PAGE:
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Image: Realtor.com

Home sales dip as uncertainty grows over taxes, spending

Is the 4-year housing boom coming to an end? That possibility has some worried as home sales fell more than expected in February and the Biden administration moves forward with a massive spending spree.  All this while mortgage rates rise.

On Monday the National Association of Realtors released a report stating that existing home sales experienced a drop that was 50 percent worse than expected.  The decline of a whopping 6.6 percent shocked economists polled by Reuters who forecast sales would only drop 3.0 percent.

In other polls, Americans expressed doubt about the economic future of the nation and that may be expressed in slower economic activity, depressing retail sales, production at factories and homebuilding.

Another study finds 7 in 10 Americans are concerned or worried about the economy in the years ahead.

READ: Stimululs spending gets pushback f rom 21 states

That is the conclusion of a study done by The Heldrich Center for Workforce Development, titled “Work Trends release, A Glass Half Full or Half Empty?.” The study also found more than half (52%) say that the future economy will not be better for the next generation.

When asked to rank major dangers to the future of the economy, the U.S. government is ranked by Americans as the number one threat to workers.

Economists say they expect massive fiscal stimulus spending along with warmer weather to increase a rebound when the March numbers come in.  But as the Biden administration begins to talk about massive tax increases to pay for the stimulus and a proposed $3 trillion infrastructure bill, many Americans are putting their stimulus in savings to prepare for an inevitable economic downturn.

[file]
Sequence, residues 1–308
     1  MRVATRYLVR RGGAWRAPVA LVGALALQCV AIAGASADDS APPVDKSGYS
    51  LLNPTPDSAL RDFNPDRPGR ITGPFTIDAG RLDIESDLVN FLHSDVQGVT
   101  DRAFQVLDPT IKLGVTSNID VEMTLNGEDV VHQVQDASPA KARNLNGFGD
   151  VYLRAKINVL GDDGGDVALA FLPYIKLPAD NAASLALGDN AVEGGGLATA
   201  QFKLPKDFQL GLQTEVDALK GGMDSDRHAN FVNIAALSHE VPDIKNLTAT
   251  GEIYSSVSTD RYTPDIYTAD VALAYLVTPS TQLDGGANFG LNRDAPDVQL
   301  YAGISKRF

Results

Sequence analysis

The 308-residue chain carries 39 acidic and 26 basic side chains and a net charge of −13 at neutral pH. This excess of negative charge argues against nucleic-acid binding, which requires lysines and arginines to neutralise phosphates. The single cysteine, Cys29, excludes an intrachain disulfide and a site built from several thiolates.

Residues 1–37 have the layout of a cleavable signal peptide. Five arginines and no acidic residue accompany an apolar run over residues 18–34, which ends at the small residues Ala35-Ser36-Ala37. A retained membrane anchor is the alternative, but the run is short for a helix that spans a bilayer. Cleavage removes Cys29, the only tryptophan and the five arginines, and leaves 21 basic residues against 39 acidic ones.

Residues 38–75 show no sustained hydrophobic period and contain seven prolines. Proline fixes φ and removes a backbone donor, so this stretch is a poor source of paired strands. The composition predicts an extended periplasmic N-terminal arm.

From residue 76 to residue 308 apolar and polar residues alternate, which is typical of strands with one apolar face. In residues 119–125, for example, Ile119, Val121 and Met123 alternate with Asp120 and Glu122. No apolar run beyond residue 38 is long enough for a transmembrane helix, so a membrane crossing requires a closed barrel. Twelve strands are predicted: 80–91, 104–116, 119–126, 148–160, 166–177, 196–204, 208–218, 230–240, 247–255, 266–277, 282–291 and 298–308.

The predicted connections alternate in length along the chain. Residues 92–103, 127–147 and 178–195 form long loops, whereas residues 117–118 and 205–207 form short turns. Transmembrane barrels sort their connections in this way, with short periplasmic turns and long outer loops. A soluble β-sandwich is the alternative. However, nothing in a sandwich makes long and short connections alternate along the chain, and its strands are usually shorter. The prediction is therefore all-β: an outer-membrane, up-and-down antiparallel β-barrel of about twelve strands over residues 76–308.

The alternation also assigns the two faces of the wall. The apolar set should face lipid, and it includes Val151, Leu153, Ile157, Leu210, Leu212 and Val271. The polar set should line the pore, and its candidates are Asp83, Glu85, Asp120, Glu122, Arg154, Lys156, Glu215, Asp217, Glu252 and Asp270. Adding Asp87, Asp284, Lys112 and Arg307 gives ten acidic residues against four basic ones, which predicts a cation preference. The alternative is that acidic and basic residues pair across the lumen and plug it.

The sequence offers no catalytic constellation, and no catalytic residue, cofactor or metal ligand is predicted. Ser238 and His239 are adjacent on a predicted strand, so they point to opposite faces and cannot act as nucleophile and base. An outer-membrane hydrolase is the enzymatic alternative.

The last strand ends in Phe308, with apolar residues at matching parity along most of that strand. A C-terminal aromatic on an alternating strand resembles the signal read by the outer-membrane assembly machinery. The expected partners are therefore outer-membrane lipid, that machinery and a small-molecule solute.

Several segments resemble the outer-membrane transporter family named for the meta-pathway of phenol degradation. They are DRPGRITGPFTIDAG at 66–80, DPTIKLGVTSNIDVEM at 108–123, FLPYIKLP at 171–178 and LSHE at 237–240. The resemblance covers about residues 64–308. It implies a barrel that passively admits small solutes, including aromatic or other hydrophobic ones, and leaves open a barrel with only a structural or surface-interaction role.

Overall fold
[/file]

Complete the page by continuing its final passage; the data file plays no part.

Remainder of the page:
Uncertainty over public policy coming out of Washington is driving rising mortgage rates. The 30-year fixed-rate mortgage has risen to a nine-month high of 3.09 percent, according to data from mortgage finance agency Freddie Mac. The sustained increase since February will make homeownership more expensive for first-time buyers.

Before the 2020 election John Weicher, director of the Center for Housing and Financial Markets at the Hudson Institute, spoke to Realtor.com about the legacy of the Trump administration on housing.

Under Trump, both home sales and the homeownership rate skyrocketed to their highest rate since 2008.

“In the last four years the homeownership rate has been going up, finally,” Weicher stated of Trump who realized the importance that housing played in the economy. It was part of Trump’s “strategy to rebuild the economy in the aftermath of the Great Recession, and it’s paid off.”

According to the Realtor organization, the Biden administration is planning to subsidize renters. The controversial plan “would offer low-income renters a tax credit designed so they pay only up to 30% of their income on housing and utilities.”

–Dwight Widaman and wire services

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